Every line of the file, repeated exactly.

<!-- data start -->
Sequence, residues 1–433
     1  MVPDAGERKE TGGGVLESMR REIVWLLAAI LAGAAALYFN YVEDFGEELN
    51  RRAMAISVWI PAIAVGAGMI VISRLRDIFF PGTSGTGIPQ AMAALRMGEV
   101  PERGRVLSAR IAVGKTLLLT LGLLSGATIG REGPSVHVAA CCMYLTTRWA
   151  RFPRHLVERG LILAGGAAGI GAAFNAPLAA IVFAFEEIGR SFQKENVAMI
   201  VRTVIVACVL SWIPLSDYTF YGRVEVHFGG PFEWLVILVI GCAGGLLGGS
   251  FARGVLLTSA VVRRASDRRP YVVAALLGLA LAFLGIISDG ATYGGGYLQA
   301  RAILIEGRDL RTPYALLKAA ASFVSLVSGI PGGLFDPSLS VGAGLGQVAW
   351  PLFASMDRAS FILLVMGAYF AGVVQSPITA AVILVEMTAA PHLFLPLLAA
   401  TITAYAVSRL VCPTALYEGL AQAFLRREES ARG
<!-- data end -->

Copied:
Sequence, residues 1–433
     1  MVPDAGERKE TGGGVLESMR REIVWLLAAI LAGAAALYFN YVEDFGEELN
    51  RRAMAISVWI PAIAVGAGMI VISRLRDIFF PGTSGTGIPQ AMAALRMGEV
   101  PERGRVLSAR IAVGKTLLLT LGLLSGATIG REGPSVHVAA CCMYLTTRWA
   151  RFPRHLVERG LILAGGAAGI GAAFNAPLAA IVFAFEEIGR SFQKENVAMI
   201  VRTVIVACVL SWIPLSDYTF YGRVEVHFGG PFEWLVILVI GCAGGLLGGS
   251  FARGVLLTSA VVRRASDRRP YVVAALLGLA LAFLGIISDG ATYGGGYLQA
   301  RAILIEGRDL RTPYALLKAA ASFVSLVSGI PGGLFDPSLS VGAGLGQVAW
   351  PLFASMDRAS FILLVMGAYF AGVVQSPITA AVILVEMTAA PHLFLPLLAA
   401  TITAYAVSRL VCPTALYEGL AQAFLRREES ARG